“Not only will we always choose according to our strongest desires, we must always choose according to our strongest desires.”
“In summary of Edwards’ view of free will, he believes that man is free in that he can and does choose according to his strongest inclinations — his desires.”
W. Tullian Tchividjian
I don't agree with these claims, but it's hard to argue with it when the argument is generally presented in a circular fashion. I've debated it briefly with some Calvinists before, and it usually goes like this:
"You always choose based on your strongest desire."
"How do you know what someone's strongest desire was?"
"It was the one that they chose.”
If you define "strongest desire" as "the one that matches the choice made," then you can prove that the choice made always matches the strongest desire. But as soon as you get down to "what non-circular definitions of strongest desire can you give?"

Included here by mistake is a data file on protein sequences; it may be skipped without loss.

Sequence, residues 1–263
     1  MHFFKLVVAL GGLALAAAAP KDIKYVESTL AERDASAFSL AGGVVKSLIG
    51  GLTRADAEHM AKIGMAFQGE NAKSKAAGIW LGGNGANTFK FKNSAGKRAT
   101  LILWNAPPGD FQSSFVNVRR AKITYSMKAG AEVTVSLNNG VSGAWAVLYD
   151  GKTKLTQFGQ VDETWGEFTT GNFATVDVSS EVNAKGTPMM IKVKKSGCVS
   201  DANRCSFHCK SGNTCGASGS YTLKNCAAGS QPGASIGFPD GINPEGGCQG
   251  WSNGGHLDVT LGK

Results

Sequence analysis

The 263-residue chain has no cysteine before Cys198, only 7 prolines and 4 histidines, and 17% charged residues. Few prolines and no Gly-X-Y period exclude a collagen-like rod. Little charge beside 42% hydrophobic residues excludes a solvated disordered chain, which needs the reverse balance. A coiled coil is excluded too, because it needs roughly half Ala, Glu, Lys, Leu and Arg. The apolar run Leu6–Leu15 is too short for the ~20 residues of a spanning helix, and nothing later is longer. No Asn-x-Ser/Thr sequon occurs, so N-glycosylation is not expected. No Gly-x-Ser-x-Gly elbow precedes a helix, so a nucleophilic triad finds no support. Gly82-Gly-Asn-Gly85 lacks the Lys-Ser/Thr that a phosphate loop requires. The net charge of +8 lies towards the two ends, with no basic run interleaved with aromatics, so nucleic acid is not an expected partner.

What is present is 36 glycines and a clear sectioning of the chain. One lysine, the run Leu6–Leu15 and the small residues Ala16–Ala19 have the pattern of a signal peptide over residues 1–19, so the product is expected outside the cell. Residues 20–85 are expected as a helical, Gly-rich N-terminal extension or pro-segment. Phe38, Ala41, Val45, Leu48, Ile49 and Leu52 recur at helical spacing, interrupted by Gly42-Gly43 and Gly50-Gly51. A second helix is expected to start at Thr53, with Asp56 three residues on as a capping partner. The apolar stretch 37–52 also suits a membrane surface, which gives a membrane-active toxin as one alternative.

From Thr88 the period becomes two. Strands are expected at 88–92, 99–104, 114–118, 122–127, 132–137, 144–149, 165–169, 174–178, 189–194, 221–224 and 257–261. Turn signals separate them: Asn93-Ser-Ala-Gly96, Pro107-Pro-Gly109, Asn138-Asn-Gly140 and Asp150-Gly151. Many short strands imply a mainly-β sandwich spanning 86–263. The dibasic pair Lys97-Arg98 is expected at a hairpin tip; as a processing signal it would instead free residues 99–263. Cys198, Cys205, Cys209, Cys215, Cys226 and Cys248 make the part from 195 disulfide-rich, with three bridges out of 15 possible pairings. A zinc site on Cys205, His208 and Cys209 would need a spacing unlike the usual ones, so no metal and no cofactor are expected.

If you define "strongest desire" as "the desire that pops to mind most frequency in the minutes before you take the action," then hypothetically a person could disprove it and say "No, I had X desire pop to mind 50 times in 5 minutes, but I also wanted to do righteous action Y, which came to mind 2 times in that period. Then I prayed about it and within 15 seconds took action Y."
If you define "strongest desire" as "the choice that you usually make in this situation," then a person taking a new path would disprove it.
If you define "strongest desire" as "the one which effects your physical/mental chemistry most negatively before you take the action (which relieve the negative chemical balance)," then a drug addict who stops using would have chosen against their "strongest desire."
But as long as we accept the definition of "strongest desire" as "that which motivates your action," it is indisputable that "your actions are always motivated by your strongest desire." It's true by definition in that case. For myself, I do not buy into this circular definition, though. I don't find it true, helpful, or useful in debating larger concepts like free will.